The tote sported one of those ‘I Love London’ messages with ‘Love’ as a huge red heart. She crumpled it and looked around for a rubbish bin, giving Josh an opening for more conversation. “What has the poor bag done to you? I understand the guy, but the bag?”
“Part of the idiotic plan. That heart, big, red. Better than a single rose, no?”
“Absolutely. Give it to me.”
“You’ll see.” He found a black marker in his jacket and drew something. When he pushed it back over the table to her, a smiley covered most of the red heart.
“Wow, this looks good. Are you a graphic designer?”
“No,” he admitted, flashing a cheeky grin at her. “But close.”
“Oh, got it, photographer.” She beamed at the magazine.
“Okay, I give up, do tell!” Sunshine-bright curiosity spread over her face.
Josh leaned closer while he outlined the drawing and brushed her fingers. They were cold.
“I’m a … doodelist.”
Damn, what did I just tell her? “Doodelist.”
He was close enough to smell her shampoo. If I take her hand, she’ll withdraw.
“That’s not a word.”
Do I grin like an idiot? Doesn’t matter. “Now it is.”
“Haha. Okay, you made me laugh.”
“Nah, that doesn’t count.”
“Then you have to do better.” She made the cutest pull-together face that Josh had ever seen.
I’ll wrap her in my jacket, and my arms. And smell her hair and rub her back and not let her go.
Putting his hand out and waiting for hers, he said, “That’s a challenge.”
Her hands were white with blue fingertips. He rubbed them slowly and watched her. Her cheeks were making dimples when her mouth moved.
Josh went by the description of tall-dark-handsome, and his grin usually did its job. Since he couldn’t delete the memories of the few instances it hadn’t, he ignored them. Today it had to work.
For the next hour, they entertained each other with teasing competitions, the delights of tinkling tea, and the beauty of raindrops. “When you get the lens really close, you can catch the light.”
He introduced Fia to the fine art of coffee making — “Only Sam can make real coffee” — and reading the future at the bottom of a cup.
Rain poured down and cold air seeped through the door. She yawned and drew the flimsy shawl around her shoulders.
They should really give out snuggle blankets like on planes.
Josh not only provided the blessed photo magazine to hide behind, upgraded the hideous bag, and made her smile again, he noticed when she shivered and brought a fresh tea. As he got up, he removed his fleece jacket, spread it out, and said, “Arm.” She obliged him, pushed her hand into the offered opening, and wiggled into the rest of the jacket.
Fia looked up at him, took the tea. “Wow, prewarmed nest. Can I keep it?” She snuggled into her chair and warmed her hands on the cup. “The tea was a good idea.”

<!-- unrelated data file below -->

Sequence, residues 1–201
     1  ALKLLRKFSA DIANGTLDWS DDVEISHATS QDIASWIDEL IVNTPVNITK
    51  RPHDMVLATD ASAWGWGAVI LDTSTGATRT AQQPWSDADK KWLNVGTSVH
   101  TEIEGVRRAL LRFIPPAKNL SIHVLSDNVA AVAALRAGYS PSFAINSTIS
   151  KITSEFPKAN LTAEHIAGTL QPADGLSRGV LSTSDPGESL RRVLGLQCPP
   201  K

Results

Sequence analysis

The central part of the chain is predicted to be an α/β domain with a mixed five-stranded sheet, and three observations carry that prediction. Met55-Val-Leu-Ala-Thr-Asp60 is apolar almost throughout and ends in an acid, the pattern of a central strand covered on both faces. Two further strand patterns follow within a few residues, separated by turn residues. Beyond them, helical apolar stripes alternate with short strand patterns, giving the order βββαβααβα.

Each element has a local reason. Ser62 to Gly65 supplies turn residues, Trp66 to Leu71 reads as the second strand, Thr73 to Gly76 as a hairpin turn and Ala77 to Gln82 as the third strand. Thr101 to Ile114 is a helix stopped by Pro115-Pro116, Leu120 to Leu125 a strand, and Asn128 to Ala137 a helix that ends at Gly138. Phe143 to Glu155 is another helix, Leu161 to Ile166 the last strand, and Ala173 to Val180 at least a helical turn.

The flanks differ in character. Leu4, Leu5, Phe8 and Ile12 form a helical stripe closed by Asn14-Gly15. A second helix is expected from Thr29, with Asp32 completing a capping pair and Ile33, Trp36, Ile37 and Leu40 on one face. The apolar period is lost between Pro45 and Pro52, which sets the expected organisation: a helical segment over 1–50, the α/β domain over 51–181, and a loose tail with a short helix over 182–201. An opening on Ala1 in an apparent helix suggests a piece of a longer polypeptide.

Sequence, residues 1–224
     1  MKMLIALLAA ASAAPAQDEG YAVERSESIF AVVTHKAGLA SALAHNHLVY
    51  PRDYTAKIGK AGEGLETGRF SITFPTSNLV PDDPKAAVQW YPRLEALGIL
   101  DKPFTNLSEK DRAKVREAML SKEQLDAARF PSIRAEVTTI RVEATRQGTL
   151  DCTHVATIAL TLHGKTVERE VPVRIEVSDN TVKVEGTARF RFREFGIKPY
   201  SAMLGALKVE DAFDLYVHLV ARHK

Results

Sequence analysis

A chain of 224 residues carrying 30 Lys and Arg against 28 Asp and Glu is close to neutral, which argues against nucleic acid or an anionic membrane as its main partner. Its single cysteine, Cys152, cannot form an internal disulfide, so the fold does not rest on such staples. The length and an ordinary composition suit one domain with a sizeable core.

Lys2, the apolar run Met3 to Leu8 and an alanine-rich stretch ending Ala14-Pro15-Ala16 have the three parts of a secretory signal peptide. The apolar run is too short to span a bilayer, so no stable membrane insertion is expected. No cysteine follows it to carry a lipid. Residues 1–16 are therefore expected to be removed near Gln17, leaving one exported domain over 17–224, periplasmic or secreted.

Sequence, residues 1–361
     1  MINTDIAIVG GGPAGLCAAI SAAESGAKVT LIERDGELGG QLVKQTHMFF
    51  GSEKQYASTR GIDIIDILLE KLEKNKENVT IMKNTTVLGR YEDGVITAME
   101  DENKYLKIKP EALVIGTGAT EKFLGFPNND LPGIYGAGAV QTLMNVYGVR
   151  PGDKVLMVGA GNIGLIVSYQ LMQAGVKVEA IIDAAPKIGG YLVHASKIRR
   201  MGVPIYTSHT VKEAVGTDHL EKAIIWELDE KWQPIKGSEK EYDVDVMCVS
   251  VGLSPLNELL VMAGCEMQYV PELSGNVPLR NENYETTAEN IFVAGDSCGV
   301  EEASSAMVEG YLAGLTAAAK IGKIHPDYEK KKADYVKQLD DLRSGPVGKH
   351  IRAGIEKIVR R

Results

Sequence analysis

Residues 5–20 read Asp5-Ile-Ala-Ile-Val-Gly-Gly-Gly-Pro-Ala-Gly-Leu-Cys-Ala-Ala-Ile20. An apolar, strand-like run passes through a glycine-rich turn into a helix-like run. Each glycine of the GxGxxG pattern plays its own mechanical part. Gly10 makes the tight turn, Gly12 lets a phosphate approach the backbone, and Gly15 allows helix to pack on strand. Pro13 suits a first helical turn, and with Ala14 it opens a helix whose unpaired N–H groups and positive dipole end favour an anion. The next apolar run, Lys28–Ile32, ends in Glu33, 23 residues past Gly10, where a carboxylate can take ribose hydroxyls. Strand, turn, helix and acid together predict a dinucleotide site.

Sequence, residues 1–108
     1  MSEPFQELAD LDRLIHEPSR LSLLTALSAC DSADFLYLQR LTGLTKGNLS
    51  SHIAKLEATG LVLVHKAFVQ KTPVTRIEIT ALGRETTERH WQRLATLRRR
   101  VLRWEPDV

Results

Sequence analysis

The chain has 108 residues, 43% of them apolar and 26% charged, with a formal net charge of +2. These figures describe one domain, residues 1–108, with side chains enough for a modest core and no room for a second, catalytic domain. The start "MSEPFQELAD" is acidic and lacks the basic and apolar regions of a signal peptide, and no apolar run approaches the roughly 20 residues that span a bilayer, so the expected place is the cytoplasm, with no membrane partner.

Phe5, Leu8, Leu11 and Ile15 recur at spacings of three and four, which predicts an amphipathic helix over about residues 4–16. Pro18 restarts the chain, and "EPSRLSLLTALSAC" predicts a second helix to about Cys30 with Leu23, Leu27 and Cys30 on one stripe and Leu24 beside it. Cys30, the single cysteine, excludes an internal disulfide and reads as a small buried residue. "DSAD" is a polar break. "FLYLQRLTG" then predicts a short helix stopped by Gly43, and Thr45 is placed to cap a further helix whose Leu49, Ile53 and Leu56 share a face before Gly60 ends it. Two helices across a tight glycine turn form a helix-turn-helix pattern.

“What do you want to keep, the nest or the tea?”
She tsked and snipped with her tongue but the dimply cheeks betrayed her.
If I was a cat, I would curl up now. Maybe I’ll do it. I should say something. Something smart. I am too tired for smart.
“Oh, now I got it, you are a cartoonist.”
Cartoonist. Good idea. Thanks, brain. Wonder what he really is. Not a photographer, not an artist, not one of these office heroes. When does one doodle and make money?
“No, not a cartoonist.”
Ah, that little wink, mischief in the making. These lines around his mouth when he thinks he’s Einstein. He’s funny when he talks. I bet he was the death of his mother.
Perry Como sang in her head… ‘Catch a falling starlight, never let it fade away….’
When it was about lunchtime Sam stared Josh down and lifted a menu. Josh nodded but instead of Sam bringing the menu over, as she expected, he brought a plate with warm finger food.
The conversation turned from serious to floating clouds.
Yes, this is what a date should be. Wait. Is this a date? Maybe. A blind date. Josh… I could say that. ‘I’m seeing Josh tonight.’ or ‘Josh said…’ or ‘Josh thinks…’ oh yes, I could get used to that, and his voice. Roll up in a snuggle blanket and listen to his voice. He could speak ‘Math’ and it would be good.
“It is getting late, I think I should go home.”
“Did your date pick you up from there?”
“My father’s office. But it’s no problem, I’ll take the bus.”
“Do you think I’d let you get on a bus in this weather?”
“It’s only a few drops. It’s not even real rain.”
“Are you scared to show up with the wrong date?”
“Hmm.” That was all the answer he got.
“Come on, let’s get the introductions over with.”
Josh entered the office, to calls of “Where have you been?”, “What have you done?” and “What took you so long?”
“I’ve had a meeting with old Goldstein and his associates.”
“I was at Sam’s.”
“Did Goldstein sign the contract?” somebody asked.
“Yup he did, and I also applied for a lifetime position.”
“Lifetime position? Man, your lucky day.” Someone clapped him on the shoulder. “Only you could pull that off.”
From behind a screen, somebody shouted, “What position is it?”
Josh hid a wide grin with his hand. “Son in law.”
R. Shlesinger holds an MA in Literature. Her mother tongue is German which she teaches as a foreign language. She is writing historical short stories with a Jewish background for the English speaking audience and occasionally tries her hand in modern short stories. For the last twenty years, she has been living with her husband in Israel.